My first job was as a cashier at Wal-Mart. I was 16 and I worked primarily on the weekends. During the summers I went full-time. When I started there, a lot of the people I worked with were like me – students earning a little money for a car or just spending. A lot of the non-managers were moms, looking to make some extra money for their families now that their kids were in school full-time. Minimum wage was $5.25 an hour, but I made a cool $5.40. For me, that was good money. I did a pretty simple job and had money to blow when I wanted to go out with my friends.
Things have changed since then, quite a bit. The auto industry hadn’t fallen completely apart in 1997. Jobs weren’t being outsourced to other countries as soon as we had a need for them. Wal~Mart was still advertising how it was proud to carry products with the stamp “Made in America.” We in the United States had not yet figured out how much cheaper (though less safe) it was to have children in China make our toys.
It’s 2014. The federal minimum wage is $7.25 an hour. To put it in a more useful perspective, people working full-time at minimum wage in 1997 made $840 per month, before taxes. Now, it’s $1,160 per month, an increase of $320. That seems like a decent raise. Until you factor in how much more expensive everything else has gotten.
In 1997, gas was somewhere around $1.50 per gallon. If you figure that the average person uses a 13-gallon tank once per week (and that’s on the low end), that’s $78 per month. You could find a place to live for around $600/month. A pound of ground beef was about $2. You could see a movie for $5. Even then, on minimum wage, you’re scraping by.
Today gas is somewhere around $4/gallon. For the same fill-up schedule as in 1997, you’re paying over $200 per month for gas. Rent is $800 per month. Internet, something that didn’t really exist in 1997 for a lot of people, is at least $25 per month. Cell phones. something else most of us didn’t have in 1997 (unless you were a drug dealer), have replaced land lines, and are typically $40 per month before taxes, and that’s for the cheaper prepaid plan.
That “extra” $320 per month disappears faster than it gets made.
So, yes, I think they need to take a look at raising the minimum wage. However…
Raising the minimum wage isn’t going to fix the problems we have. There’s a limit to how much it can be raised before we start to see a trend toward the negative. I enjoy going to McDonald’s, Burger King, Chick-Fil-A, and pretty much everywhere else except Taco Bell. Am I willing to pay a little more for my value meal if it means someone is going to keep their lights on? Absolutely.
But there will come a point when I think to myself, “Holy shit! Those chicken nuggets better give me a massage before I eat them for that price.” When that happens, I’ll go out to eat less and less. And so will you. When we go out to eat less, restaurants close or reduce the number of employees. Then we’re back at square one.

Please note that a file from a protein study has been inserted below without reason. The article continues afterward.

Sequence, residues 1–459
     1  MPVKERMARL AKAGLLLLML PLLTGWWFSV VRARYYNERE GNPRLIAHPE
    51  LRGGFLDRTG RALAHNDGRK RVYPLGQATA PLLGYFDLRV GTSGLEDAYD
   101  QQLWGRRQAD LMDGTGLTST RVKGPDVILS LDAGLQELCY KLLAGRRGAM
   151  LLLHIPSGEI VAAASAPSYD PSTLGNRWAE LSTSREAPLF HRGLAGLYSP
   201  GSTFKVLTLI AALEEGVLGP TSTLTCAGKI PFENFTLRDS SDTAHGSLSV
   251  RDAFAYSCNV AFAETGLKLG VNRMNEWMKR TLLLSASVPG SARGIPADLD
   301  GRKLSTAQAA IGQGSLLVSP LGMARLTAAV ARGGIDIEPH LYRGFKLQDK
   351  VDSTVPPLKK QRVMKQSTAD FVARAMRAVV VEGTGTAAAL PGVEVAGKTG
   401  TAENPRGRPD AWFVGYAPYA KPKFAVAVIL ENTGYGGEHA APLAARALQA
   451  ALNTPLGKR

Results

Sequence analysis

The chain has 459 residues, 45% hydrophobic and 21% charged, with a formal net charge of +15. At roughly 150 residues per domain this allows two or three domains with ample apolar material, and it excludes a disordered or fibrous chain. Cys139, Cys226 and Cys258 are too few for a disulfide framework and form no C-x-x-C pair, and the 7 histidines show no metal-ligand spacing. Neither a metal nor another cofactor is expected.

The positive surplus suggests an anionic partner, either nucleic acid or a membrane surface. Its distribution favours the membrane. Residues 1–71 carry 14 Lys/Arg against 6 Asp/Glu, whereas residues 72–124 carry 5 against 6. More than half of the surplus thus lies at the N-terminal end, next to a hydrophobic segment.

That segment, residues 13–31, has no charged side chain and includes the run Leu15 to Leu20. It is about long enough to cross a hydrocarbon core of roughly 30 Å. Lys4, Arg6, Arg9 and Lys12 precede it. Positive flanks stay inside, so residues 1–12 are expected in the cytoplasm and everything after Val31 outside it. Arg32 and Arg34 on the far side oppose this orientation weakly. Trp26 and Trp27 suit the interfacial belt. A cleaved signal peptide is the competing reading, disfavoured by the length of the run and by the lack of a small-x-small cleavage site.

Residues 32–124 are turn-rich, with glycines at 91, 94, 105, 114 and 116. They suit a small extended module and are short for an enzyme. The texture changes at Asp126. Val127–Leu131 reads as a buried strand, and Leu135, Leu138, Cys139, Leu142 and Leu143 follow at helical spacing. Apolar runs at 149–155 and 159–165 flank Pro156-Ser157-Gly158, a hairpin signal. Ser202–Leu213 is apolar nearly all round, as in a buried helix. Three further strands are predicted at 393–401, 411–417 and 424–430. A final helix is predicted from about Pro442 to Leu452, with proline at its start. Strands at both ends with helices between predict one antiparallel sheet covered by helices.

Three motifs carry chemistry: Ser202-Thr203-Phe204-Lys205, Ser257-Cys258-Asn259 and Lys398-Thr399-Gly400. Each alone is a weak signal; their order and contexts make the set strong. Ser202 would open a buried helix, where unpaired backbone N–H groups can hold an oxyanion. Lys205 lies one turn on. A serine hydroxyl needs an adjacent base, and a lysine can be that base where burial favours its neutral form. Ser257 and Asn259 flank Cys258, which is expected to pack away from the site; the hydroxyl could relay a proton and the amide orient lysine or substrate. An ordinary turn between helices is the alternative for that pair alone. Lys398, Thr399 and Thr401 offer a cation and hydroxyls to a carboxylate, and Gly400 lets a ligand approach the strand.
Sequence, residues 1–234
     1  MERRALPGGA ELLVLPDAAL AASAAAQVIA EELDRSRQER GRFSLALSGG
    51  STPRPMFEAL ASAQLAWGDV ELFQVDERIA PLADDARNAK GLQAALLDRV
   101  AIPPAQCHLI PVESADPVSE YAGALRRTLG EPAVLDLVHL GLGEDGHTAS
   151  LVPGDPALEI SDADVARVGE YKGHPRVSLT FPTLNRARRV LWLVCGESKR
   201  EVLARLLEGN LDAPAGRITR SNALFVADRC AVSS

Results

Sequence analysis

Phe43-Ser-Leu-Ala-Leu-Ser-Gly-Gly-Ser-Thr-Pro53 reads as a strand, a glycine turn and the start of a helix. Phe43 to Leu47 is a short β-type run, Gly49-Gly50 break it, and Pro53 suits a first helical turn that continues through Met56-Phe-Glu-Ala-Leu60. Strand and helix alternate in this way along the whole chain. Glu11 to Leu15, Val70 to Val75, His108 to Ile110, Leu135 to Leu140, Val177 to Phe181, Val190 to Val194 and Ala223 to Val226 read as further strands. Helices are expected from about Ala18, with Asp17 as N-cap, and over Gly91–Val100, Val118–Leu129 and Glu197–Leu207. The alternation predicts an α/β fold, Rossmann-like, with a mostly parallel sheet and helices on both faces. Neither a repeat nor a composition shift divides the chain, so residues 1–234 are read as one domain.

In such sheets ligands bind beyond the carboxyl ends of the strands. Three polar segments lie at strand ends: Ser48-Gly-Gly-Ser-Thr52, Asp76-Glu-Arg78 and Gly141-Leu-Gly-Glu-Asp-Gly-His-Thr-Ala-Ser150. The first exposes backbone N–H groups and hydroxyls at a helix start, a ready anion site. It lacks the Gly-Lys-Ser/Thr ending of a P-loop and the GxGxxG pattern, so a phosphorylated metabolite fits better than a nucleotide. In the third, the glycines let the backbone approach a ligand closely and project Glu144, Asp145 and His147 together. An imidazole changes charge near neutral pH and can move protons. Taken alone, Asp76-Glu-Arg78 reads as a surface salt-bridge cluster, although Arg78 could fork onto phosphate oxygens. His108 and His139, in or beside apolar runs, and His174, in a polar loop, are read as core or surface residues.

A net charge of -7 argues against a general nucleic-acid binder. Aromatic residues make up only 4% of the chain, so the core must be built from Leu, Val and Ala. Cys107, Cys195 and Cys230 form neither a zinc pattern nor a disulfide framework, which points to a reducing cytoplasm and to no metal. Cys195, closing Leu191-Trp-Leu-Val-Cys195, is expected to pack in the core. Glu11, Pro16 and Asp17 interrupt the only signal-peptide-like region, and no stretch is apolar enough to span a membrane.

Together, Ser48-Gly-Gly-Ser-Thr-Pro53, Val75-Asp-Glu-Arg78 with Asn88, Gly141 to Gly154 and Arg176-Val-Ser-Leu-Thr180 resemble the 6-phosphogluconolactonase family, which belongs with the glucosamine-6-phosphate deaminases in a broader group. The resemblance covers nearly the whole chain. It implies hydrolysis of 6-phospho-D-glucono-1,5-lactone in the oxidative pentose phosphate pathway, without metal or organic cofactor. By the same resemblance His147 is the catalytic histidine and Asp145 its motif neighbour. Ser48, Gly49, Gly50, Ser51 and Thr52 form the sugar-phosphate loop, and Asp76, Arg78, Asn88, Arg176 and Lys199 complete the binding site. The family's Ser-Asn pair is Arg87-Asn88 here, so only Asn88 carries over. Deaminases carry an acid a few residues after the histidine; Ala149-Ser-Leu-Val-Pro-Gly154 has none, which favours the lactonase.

We need more jobs. Good jobs. The ones that disappeared overseas, we need them back. People rail against Wal-Mart because they’re huge, closely held by a small number of family members, and when something goes wrong, it’s incredibly public and awful. But let’s remember, Target, Walgreens, Macy’s, and Hot Topic aren’t non-profits either. These people are in business to make money. That means that they cut hours so they don’t have to cover anyone’s insurance. They outsource jobs and buy goods made elsewhere because it’s cheaper. It freaks me out that the frozen chicken nuggets I love so much are probably coming from China. Seriously? We can’t make those bad boys in the US?
What we fail to realize is that we, the consumer, are the problem. It’s a simple situation of economics – if demand rises, so does supply. We demand these things, so they provide them. It’s as simple as that. It’s hard to not buy products from China since it seems like everything is made there. But, if we made a conscious effort to buy less made overseas, we might make a difference.
If we bought secondhand instead of buying everything new, we might make a difference.
If we actually paid attention to elections and voted for candidates who were going to do something to help us, instead of helping big business, we might make a difference.
If we started pushing for our representatives to enact legislation that closed tax loopholes for businesses who export jobs overseas, we might make a difference.
If we told our representatives that we want to reward businesses who keep the jobs in the United States, we might make a difference.
If we started thinking about how much we consume and whether we actually needed all of it, we might make a difference.
If we spent money on those facing difficult times, instead of ourselves (do you actually need that $5 cup of coffee every day?), we might make a difference.
So I ask you this, how are YOU going to make a difference today? Tell me more ways that I can make a difference today.